Mark 6:27 (AV)
And immediately the king sent an executioner,
and commanded his head to be brought:
and he went and beheaded him in the prison,
And immediately the king sent off one [of the soldiers] of his bodyguard and gave him orders to bring [John's] head. He went and beheaded him in the prison [AMP] And immediately the king sent an executioner with orders to bring John's head. He went and beheaded him in the prison [ESV] And immediately the king sent an executioner, and commanded his head to be brought: and he went and beheaded him in the prison, [KJV] So he immediately sent an executioner with orders to bring John's head. The man went, beheaded John in the prison, [NIV] So he sent an executioner to the prison to cut off John's head and bring it to him. The soldier beheaded John in the prison, [NLT] Immediately the king sent an executioner and commanded his head to be brought. And he went and beheaded him in prison, [NKJV]
Some further information
▪︎ The word signifies one that bears a short lance, and the kings guard was so called because they bore short lances.
▪︎ It was one of his body guard. Under Oriental monarchs the captain of the guard was the executioner.
▪︎ One of the guards in attendance. The word is Roman, denoting one of the Imperial Guard.
Although Herod seemed to be very grieved at what the daughter wanted him to do, he felt that he could not deny it, for he had sworn to it (Mark 6:26). So he immediately took action. He immediately sent someone to the prison to behead John.
Marcus uses a Latin word for ‘executioner’ in this context, which he also writes with Greek letters. It occurs only at this place in the New Testament. It designates a henchman from his bodyguard. So Herod Antipas chose one of his bodyguards to behead John the Baptist. He ordered the man to bring him John’s head.
Beheaded him in the prison
After, it would seem, more than twelve months’ imprisonment, the end reserved for John the Baptist was dark and cheerless. But now he has his Master’s benediction, “Blessed is he whosoever shall not be offended in Me” (Matthew 11:6), and he has found the life he gave away (Matthew 10:39).
We read in Mark 6:27 that the king was very sorry, but that he because of his oath, and because of his dinner guests, was unwilling to refuse her.
Herod takes on him, to be very backward to it, and that he would not for all the world have done it, if he had not been surprised into such a promise.
The king was exceeding sorry, that is, he seemed to be so, he said he was so, he looked as if he had been so; but it was all sham and grimace, he was really pleased that he had found a pretence to get John out of the way.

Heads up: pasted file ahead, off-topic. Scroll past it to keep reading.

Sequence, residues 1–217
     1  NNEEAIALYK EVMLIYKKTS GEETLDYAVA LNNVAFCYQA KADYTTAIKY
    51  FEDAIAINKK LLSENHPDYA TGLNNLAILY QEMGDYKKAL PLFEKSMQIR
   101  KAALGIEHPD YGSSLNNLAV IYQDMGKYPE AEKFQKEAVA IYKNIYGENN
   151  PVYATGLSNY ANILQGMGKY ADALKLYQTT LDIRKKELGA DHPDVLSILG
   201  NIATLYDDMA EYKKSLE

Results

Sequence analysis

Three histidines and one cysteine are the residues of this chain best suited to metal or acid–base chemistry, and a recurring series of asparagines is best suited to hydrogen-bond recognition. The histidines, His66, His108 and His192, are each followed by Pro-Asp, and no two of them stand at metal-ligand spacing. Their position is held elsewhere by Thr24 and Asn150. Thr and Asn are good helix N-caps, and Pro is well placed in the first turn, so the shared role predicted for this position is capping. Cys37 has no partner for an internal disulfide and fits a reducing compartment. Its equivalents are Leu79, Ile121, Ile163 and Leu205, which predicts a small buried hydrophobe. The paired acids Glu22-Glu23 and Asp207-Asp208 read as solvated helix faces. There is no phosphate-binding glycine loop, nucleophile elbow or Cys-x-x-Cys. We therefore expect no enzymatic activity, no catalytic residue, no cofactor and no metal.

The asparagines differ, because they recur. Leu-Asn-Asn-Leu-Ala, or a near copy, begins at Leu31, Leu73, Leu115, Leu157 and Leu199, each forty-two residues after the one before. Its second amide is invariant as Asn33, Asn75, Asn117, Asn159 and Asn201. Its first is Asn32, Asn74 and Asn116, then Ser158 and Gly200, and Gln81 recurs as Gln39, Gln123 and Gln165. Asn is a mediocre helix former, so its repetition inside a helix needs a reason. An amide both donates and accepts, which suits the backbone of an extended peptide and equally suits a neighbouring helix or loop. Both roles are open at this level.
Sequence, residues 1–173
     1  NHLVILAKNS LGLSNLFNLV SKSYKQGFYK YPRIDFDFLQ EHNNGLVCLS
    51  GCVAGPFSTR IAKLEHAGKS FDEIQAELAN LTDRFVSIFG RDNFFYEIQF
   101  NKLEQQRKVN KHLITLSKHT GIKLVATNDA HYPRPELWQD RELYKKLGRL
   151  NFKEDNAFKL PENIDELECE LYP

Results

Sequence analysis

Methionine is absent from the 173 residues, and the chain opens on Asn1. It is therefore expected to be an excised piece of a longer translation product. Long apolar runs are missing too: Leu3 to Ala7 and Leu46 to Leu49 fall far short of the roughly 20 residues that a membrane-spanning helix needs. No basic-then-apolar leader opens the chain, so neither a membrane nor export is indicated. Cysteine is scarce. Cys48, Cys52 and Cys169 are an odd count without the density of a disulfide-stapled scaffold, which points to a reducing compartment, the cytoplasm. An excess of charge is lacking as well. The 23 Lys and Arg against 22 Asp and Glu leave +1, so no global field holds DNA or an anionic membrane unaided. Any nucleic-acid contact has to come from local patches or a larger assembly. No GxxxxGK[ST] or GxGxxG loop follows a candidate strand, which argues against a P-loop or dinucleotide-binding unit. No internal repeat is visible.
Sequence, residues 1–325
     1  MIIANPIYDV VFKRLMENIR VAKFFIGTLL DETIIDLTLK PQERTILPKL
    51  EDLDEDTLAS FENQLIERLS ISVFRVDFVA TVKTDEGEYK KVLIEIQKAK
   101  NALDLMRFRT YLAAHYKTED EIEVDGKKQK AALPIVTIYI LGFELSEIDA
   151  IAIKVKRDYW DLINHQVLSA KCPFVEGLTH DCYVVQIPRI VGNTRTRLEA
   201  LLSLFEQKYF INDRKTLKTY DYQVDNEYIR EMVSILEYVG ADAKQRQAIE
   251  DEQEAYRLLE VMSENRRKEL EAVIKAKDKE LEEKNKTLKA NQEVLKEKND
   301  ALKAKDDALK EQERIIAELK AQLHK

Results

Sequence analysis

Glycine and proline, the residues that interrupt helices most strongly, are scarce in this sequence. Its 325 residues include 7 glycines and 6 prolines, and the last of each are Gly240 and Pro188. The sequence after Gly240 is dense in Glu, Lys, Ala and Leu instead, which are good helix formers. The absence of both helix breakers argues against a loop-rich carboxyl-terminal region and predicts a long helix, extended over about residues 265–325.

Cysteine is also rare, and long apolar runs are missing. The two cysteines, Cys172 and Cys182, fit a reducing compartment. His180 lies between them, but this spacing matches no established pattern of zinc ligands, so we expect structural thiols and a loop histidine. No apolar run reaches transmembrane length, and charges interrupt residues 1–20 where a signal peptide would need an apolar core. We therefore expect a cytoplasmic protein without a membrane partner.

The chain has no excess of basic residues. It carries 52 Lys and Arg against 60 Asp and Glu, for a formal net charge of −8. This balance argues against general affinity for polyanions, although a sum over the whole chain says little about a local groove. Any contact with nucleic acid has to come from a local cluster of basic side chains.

And yet he was not without sorrow for it; he could not do it but with great regret and reluctancy; natural conscience will not suffer men to sin easily; the very commission of it is vexatious; what then will the reflection upon it be?
Herod granted it, and the execution was done immediately while the company were together, which we can scarcely think the king would have done, if he had not determined the matter before.
He takes on him to be very sensible of the obligation of his oath; whereas if the girl had asked but a fourth part of his kingdom, I doubt not, but he would have found a way out, to evade his oath.
The promise was rashly made, and could not bind him to do an unrighteous thing.
Sinful oaths must be repented of, and therefore not performed; for repentance is the undoing of what we have done amiss, as far as is in our power.
When Theodosius the emperor was urged by a suitor with a promise, he answered, I said it, but did not promise it if it be unjust. If we may suppose that Herod knew nothing of the design when he made that rash promise, it is probable that he was hurried into the doing of it by those about him, only to carry on the humour; for he did it for their sakes who sat with him, whose company he was proud of, and therefore would do any thing to gratify them.
In this way princes make themselves slave to those whose respect they covet, and both value and secure themselves by. None of Herod’s subjects stood in more awe of him than he did of his lords, high captains, and chief estates. The king sent an executioner, a soldier of his guard.
Bloody tyrants have executioners ready to obey their most cruel and unrighteous decrees. Thus Saul had a weapon at hand, to fall upon the priests of the Lord, when his own footmen declined it.
Now let us reflect on this
What is the Lord worth to us? Our head?
We should not say that too quickly. Because sometimes people say more than they can justify.
There was a pastor who once said from the pulpit that his day of death would be the best day of his life. That day could be even now. However, it was not his day of death. Many years later his day of death came.
It had indeed become his best day, but that day he still had to go through many tribulations to enter the Kingdom of God. He still had to be completely scavenged and emptied, before the Lord brought him home.
The end of God’s people is not always that easy.
We also read this in the Scripture for today. The executioner is ordered by Herod to behead John.
Why..? Because this servant of God had dealt fairly with Herod and Herodias and pointed out their sin, he was thrown into prison. Yes, even his head is going off now. John the Baptist did everything for the Lord Jesus. What a miracle of grace.
Herodias will soon have his head, but the Lord has his soul.
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